In-Store Trial: 3 Mobile Datapoints To Locate Customers
In a five-store trial—slated to expand chain-wide in the next two weeks—the Meijer grocery chain has gotten creative about letting customers locate products on the shelves using their phones. Given that GPS won't work in-store and that in-store hardware sensors are expensive and labor-intensive, the chain is using a combination of Wi-Fi signal strength and product-barcode scanning to zero in on the customer's location.
The potential of this microlocation mobile approach is compelling, because it provides a relatively easy—and somewhat accurate—way to help customers find product. Of course, that's not the goal of all chains. Some chains—such as Costco—depend heavily on the customer stumbling on impulse buys as he/she wanders the aisles in search of the elusive clothes pins or peanuts.
The Meijer FindIt App trial—which is using technology from a vendor called PointInside—tries to deliver mobile product-discovery using several simultaneous data sources. On their own, the accuracy is fairly weak. But when combined, the system gets a fairly precise sense of the customer's location.
The first datapoint is the store's planogram, which the chain will need to regularly update. Customers can see it on their phones and, theoretically, can look at an aisle heading and figure out where they are on the map and then navigate from there. This is the low-tech "I am here" concept from shopping mall maps.
From there, the system accesses the store's Wi-Fi network. Critically, though, customers don't need to find the network on their phones and also don't need to try and log into the network. The sole purpose is to proximate—within about 10 meters—the customer's location based on Wi-Fi signal strength, said Todd Sherman, PointInside's chief marketing officer. "We'll triangulate. That's the Wi-Fi fingerprinting that we do," he said.
Still, a plus—or minus—of 30 feet in a grocery store can make finding that bottle of soy sauce with your iPhone not that helpful. The next datapoint is a product scan. Once the customer can be persuaded to scan some product on the shelf, that product's barcode will—courtesy of the planogram—reveal a much more precise indication of the customer's location.
If the customer happens to scan an errantly placed product—such as a container of ice cream sitting in the paper goods aisle—the system will see the disconnect between the Wi-Fi data and the barcode and then ignore that barcode and await the next barcode, Sherman said. "We can tell when something is out of place," he said.
The third datapoint comes from the phone itself.The third datapoint comes from the phone itself. Once the system has a fix on the customer's location, the system accesses the phone's compass and gyroscope to track the customer's movements, continually updating the current location. Some movements provide another strong clue about precise location, such as turning around a corner. There are only so many places in the store where someone could legitimately make such a move. That data layered on top of the other datapoints can provide an increasingly precise customer location, to be mapped against the hopefully accurate planogram.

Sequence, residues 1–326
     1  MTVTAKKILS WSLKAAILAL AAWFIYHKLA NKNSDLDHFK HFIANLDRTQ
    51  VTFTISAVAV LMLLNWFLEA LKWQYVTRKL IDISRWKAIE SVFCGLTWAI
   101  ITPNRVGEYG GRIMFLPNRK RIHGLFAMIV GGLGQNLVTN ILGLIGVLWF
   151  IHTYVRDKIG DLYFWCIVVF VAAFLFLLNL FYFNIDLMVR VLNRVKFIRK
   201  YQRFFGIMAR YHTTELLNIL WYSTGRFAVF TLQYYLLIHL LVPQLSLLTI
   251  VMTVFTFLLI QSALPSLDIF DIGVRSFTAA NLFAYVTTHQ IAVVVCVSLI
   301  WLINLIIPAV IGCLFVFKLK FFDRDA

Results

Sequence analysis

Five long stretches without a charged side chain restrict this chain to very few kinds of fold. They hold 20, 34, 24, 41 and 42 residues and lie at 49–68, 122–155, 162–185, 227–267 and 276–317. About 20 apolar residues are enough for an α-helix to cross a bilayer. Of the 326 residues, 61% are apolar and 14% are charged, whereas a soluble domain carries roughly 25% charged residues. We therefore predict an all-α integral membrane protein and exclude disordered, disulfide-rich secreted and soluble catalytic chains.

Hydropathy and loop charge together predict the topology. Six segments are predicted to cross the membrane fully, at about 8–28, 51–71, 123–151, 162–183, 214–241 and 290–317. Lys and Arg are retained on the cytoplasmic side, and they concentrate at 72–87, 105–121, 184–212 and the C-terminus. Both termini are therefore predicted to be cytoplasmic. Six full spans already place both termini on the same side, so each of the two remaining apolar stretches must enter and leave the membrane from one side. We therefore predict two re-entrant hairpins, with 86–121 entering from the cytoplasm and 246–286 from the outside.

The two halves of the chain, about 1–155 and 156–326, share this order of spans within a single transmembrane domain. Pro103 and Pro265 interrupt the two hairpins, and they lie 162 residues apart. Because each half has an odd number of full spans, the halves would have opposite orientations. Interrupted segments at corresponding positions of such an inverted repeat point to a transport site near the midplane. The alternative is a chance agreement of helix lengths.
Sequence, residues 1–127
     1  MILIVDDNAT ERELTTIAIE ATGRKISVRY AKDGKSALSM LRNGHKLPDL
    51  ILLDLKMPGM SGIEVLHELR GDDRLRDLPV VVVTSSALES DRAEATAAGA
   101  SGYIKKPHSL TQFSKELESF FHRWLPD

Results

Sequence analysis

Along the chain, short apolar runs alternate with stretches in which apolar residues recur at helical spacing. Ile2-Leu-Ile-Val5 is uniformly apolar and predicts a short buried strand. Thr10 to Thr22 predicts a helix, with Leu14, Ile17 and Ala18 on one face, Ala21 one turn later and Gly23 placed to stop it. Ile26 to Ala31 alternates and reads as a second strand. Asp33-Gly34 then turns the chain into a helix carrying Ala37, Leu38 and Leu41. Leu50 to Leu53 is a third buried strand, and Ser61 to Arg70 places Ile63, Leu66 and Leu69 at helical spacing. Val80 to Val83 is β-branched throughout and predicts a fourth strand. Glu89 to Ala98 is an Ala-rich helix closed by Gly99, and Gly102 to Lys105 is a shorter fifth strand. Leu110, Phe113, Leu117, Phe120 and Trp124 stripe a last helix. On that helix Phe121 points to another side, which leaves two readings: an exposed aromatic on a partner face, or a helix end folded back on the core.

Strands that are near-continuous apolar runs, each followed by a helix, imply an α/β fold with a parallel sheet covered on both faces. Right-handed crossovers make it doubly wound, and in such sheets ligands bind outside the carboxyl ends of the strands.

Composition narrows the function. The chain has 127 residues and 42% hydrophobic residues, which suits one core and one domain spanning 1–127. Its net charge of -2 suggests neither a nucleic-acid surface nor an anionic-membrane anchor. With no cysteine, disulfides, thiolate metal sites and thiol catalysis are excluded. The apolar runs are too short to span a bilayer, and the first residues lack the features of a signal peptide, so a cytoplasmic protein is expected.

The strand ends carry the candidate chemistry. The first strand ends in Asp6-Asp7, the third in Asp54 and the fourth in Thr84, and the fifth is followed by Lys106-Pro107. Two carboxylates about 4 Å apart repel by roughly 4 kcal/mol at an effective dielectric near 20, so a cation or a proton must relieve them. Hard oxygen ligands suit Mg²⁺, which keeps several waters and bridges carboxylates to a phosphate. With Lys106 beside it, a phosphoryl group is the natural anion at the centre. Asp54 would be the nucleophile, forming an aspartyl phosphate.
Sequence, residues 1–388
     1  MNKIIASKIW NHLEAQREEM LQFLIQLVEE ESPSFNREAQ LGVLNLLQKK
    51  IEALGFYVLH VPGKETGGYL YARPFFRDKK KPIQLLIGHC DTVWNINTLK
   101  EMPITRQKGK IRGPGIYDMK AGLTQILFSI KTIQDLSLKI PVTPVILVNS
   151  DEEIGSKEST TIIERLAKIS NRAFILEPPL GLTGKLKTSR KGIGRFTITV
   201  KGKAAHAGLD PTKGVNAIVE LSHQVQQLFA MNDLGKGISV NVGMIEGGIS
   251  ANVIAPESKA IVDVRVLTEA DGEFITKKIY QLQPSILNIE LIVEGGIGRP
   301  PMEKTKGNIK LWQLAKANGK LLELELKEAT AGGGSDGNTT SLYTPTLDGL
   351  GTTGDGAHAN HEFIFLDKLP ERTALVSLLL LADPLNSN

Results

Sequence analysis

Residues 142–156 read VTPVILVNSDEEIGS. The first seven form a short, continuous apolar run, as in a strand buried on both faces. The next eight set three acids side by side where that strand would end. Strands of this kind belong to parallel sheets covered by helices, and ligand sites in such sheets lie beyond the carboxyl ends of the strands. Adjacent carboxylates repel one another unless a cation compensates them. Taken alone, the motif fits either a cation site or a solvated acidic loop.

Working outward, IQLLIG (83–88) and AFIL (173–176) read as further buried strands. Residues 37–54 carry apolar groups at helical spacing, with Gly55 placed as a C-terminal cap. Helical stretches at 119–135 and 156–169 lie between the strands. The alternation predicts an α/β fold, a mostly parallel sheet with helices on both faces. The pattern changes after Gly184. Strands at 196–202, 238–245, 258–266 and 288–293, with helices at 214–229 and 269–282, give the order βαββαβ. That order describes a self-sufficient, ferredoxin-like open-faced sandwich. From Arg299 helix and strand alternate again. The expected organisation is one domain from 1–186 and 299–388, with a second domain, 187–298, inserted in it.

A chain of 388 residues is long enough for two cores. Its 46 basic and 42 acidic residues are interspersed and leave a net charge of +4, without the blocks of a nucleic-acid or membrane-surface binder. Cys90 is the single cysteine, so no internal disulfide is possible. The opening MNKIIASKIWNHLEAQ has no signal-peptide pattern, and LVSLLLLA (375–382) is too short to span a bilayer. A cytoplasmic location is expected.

As gyroscopes on newer phones improve, the accuracy of these methods will likely also improve, Sherman said, adding that he's hoping to see three-meter accuracy in the very near future, mostly as sales of current-generation smartphones grow.
Meijer, which has 197 stores in Michigan, Ohio, Indiana, Illinois and Kentucky, did not respond to a request for comment by Wednesday (Oct. 26).
The Meijer app initially will permit someone to search for a specific item. But future versions will enable a customer to post a full shopping list, where the app can create the most efficient store path to obtain all of those items. Like most shopping list apps, the potential for suggested items will then be almost irresistible. ("I see you like overpriced items. May I show you some French sea salts?").
But that's for the future. Right now, the app's primary approach is to take a specifically-sought item and find it on the map and then direct the customer to it. “If you’re looking for peanut butter, it will drop a pin on the map, within a couple of feet,” Sherman said.
The problem is that customers will not likely use it just to find generic peanut butter. They’ll want to use it to find Skippy Peanut Butter, Extra Chunky, With Low Sodium. When I am dispatched on a shopping trip and have an unfamiliar item on the list, I can generally find the aisle quickly and even the rough area, so that it will get to me to “Peanut Butters” or “Dry Cereals” or “Shampoos.” The value of a mobile app is at the next level of granularity.
Instead of staring up and down through six shelves of similarly-looking product hoping to find an exact match with my shopping list, the valuable app would zero in on the item and focus a laser beam light on the exact box.
And if that exact product isn’t in stock, it would save me the time of looking for it and say, “We’re out of that item and are expecting another shipment tomorrow morning. Would you like to reserve a jar? Would you like me to point to a very similar brand? Would you like me to write a note to your wife certifying that you really tried to find it?”
That’s where the distance between a few meters, a few feet and a few inches makes a huge difference.